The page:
And what do you know?  These bums actually have brains.  They sit there, totally unrelated to any the rest of the story so far, analyzing their situation, and they calculate that if they stay put, they will die.  If they beg their way into the city, they will die along with the rest of the desperate people.  In fact, if they go out to the enemy camp and beg mercy from the enemy, they will probably die, but there is that tiny glimmer of hope that mercy could be extended.  In fact, it is the only hope left to them, so they think, on the other side of this death defying mission.  And thus they decide to wait until twilight and then go beg mercy from the enemy.

Now… God moves

The LORD rouses his mighty, mysterious self on behalf of these beggars and unbeknownst to them (I always wanted to say “unbeknownst” and never have before…) God causes a thunderous noise from the hills to echo out across the enemy camps.  It must have been a chilling sound, because these warriors immediately get scared out of their minds.  I mean a panic sets in, and they convince themselves that Israel’s king must have managed to dispatch spies and enlist help from Egypt and other neighboring kings who are riding in to the rescue!  So the enemy just drops everything and RUNS for their lives!

But you see, they had been torturing the people of God inside the city with the smells of slow roasting fatted calf for days.  And so when they drop everything to run, scared witless as they are by God, they leave some Joe Allen’s BBQ in the pit just slow cooking there.  Thus when the hungry beggars show up in their humility seeking mercy, they find it, not mercy from the enemy, but from God!  And God feeds these bums a meal fit for a king while the king of the Jews sits in his torn robes with a growling stomach wondering how that lady’s son tasted.

And these bums!  These bums, if you aren’t in love with them yet, you should be, start running around eating the miracle meal of God and having a party!  I mean, God did tell us, through Luke, that he wanted his house full for the banquet!  And so he packs it with lepers and bums and beggars who lay down their very lives for a chance to eat.  And they go to celebrating, and partying, and having themselves a big ol’ time.  And they go from tent to tent eating and gathering up treasures for themselves and just really having a ball, you know?

And I don’t know about you, but I am sure that in all the cosmos God created, THAT IS THE PARTY I WANNA GET INVITED TO!  And these are God’s guests of honor!  The utterly humiliated, humble beggars who aren’t worth honorable mention until God raises them up.

And these humble beggars, just when they start to feel a little uppity, suddenly realize, and feel a deep conviction in their hearts, that it is not right for them to have all this banquet for themselves alone, but really should go tell the king and all the nobles in the city.  The last have come first, but the first might yet come at last!  Their world just makes no sense otherwise.  And so they head back to town to tell the king in the middle of sin’s darkest night.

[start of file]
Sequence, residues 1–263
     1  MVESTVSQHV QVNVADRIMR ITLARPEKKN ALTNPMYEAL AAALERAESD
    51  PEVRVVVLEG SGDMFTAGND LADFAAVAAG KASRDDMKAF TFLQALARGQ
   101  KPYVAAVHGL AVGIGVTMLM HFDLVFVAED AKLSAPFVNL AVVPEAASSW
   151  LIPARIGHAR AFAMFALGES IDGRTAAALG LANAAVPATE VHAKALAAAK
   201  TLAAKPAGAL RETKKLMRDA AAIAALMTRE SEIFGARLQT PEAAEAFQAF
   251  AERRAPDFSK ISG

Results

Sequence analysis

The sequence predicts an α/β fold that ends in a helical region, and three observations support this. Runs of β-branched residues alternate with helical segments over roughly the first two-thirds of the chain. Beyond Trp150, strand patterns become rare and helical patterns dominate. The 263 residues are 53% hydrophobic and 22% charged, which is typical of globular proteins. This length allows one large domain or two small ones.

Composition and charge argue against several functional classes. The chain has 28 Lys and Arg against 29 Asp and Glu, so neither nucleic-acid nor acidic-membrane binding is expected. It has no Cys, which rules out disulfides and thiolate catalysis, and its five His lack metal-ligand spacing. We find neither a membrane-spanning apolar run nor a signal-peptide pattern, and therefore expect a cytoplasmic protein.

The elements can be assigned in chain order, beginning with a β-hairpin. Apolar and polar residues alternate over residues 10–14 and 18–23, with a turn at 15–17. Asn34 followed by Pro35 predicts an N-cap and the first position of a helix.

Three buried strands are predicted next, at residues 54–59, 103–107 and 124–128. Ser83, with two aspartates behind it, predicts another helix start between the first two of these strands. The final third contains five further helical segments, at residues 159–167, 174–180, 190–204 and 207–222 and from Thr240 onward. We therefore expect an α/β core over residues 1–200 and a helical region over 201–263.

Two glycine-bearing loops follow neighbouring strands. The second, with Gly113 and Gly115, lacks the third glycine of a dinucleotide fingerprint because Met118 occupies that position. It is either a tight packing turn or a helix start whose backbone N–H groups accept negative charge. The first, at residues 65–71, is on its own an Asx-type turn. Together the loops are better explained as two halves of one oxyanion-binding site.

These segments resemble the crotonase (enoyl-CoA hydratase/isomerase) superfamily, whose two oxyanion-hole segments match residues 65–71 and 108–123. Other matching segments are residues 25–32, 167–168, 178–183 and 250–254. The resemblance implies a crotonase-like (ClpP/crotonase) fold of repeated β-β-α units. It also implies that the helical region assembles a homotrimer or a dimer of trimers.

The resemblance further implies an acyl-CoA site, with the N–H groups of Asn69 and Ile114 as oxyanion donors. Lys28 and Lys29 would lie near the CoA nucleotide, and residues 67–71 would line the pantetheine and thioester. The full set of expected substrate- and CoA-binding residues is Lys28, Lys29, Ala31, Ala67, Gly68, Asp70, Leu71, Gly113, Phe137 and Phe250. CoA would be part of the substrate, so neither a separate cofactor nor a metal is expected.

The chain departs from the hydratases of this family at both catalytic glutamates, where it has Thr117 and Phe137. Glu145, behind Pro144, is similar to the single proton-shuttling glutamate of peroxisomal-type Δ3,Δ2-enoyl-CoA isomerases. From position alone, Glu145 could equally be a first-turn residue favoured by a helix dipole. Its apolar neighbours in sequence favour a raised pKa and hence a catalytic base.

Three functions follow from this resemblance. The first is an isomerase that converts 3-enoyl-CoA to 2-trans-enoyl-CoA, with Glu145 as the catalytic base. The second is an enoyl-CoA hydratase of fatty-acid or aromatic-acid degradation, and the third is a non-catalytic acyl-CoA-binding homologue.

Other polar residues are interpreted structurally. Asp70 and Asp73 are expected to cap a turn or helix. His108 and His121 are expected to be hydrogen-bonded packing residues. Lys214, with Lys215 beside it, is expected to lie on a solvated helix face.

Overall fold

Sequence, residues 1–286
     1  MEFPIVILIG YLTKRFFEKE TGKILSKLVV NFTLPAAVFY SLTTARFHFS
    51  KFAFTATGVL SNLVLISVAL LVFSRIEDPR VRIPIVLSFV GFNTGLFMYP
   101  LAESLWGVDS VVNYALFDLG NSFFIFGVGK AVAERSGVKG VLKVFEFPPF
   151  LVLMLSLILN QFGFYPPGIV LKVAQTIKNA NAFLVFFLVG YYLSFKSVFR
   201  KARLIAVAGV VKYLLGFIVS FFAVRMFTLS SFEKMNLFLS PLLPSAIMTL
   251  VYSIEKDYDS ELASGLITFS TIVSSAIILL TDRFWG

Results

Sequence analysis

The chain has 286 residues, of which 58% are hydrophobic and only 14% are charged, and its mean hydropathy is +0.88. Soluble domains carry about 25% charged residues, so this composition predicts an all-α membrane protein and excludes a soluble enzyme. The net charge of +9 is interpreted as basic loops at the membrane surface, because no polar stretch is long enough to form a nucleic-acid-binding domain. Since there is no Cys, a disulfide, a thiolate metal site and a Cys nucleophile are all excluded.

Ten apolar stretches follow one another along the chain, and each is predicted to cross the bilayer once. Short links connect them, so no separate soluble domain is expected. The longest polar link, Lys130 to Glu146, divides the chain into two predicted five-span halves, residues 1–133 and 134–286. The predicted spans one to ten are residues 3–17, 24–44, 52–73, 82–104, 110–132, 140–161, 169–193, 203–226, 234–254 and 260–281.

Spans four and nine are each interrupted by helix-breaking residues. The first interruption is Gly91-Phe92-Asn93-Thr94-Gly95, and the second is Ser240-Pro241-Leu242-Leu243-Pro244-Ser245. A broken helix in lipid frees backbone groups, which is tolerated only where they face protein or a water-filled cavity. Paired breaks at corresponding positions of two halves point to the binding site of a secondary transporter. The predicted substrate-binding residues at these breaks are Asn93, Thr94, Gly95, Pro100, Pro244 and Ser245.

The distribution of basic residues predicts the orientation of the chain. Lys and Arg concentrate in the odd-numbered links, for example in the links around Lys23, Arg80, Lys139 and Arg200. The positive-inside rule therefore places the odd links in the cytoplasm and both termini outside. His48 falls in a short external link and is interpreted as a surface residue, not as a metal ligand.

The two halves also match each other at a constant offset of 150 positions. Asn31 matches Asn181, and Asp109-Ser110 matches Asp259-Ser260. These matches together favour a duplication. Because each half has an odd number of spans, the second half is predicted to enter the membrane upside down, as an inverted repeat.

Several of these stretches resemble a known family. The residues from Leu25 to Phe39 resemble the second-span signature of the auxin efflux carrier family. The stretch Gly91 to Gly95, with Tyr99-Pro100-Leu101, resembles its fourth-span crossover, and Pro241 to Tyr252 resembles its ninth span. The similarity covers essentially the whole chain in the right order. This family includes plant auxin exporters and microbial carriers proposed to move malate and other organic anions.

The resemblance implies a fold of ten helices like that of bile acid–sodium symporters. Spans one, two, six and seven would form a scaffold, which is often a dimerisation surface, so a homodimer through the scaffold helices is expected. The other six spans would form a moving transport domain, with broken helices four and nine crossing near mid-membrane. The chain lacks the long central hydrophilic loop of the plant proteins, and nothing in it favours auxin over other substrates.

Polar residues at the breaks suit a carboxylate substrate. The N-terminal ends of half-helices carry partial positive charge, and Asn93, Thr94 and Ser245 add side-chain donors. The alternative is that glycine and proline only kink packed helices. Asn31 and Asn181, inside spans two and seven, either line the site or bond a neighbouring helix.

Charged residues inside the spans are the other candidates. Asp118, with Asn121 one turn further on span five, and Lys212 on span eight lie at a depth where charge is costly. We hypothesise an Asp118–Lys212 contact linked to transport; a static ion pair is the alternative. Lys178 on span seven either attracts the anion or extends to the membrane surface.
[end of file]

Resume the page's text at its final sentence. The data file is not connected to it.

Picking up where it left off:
Of course, beggars like this, even when carrying the very Gospel message of God Almighty himself, just have practically no credibility in the old normal.  And so when they arrive back at the city gates, they tell the guards to inform the king that there is food in plenty and that the people of God should come and partake in God’s mercy at the enemy camps.  And of course, the guards send word of it, but this GOOD NEWS is too GOOD to believe even as Israel suffers the “new normal,” and so the king doesn’t.  But he too is so desperate that he must send a probe out to determine the truth of it.  (But really, he thinks it is a ploy to lure everyone out of the city where they will be ambushed.)

By morning, the probe comes back with verification.  The bums were right after all!  God is merciful to them, and yet there is no glory for the bums in this story.  However, as the people rush out to claim the booty, the spoils of a war they did not fight, they come rushing back again through the city gates with so much spoils that the economy of the whole nation is suddenly bounced back.  And the noble who denied it to the prophet, sees it like the prophet had said, but he gets trampled in the gate by the mobs of hungry people partaking in the grace of God, and he dies and does not partake himself.

So, why am I writing this stuff?

Because, church, we are not looking for the old “normal.”  We are not going to settle for a “new normal” either.  And the bounce back, to the Glory of God should he be so persuaded as to give us one, will come to us as heaven’s intervention from the most unlikely of places, from the most humble and humiliated, but it will be found in the meal God gives us.  And he has done that already.

That starving woman who ate her son was right to reach out to her king.  He was supposed to be the bearer of God’s image, supposed to be the shepherd of the people.  She was supposed to be one of the sheep in his fold.  That is how God makes Israel to be, but there was sin spoiling everything.  Something was just a bit off.  It was like 666 is to 777.  Jehoram was no Jesus.

Jesus crucified smells like death to those who are dying, but to those coming to life, he smells like the aroma of Christ.

The smell of death.  That is about like going to the enemy camps thinking you might get mercy there.  It is humiliating and humbling to cling to Jesus.  There is something upside down and turned all around in that.  But if you want heaven’s bounce back, rather than a return to “normal,” you really must consider this stuff carefully.  Perhaps keep a closer eye on the beggars than you ever have before!

As our homes, our fortresses, slowly become prisons, I ask you to read this passage and open your eyes.  Look for God.  Grope for him if you must.  But quit trying to “get back to normal.”  That is not our purpose.  But look for God among the beggars, the most destitute, those who are already so humble and humiliated that they would share their windfall with you even if you never would share more than a scrap with them.  That’s where God is, and right about now America really needs to talk to him.